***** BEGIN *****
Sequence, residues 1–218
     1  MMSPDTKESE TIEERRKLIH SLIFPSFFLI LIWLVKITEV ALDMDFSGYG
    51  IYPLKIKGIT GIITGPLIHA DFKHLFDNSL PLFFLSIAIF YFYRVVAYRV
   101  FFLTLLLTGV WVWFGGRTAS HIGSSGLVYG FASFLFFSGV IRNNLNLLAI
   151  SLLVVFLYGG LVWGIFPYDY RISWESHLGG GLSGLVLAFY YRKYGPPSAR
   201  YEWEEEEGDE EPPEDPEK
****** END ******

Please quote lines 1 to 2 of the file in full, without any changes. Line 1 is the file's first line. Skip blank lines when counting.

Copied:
Sequence, residues 1–218
     1  MMSPDTKESE TIEERRKLIH SLIFPSFFLI LIWLVKITEV ALDMDFSGYG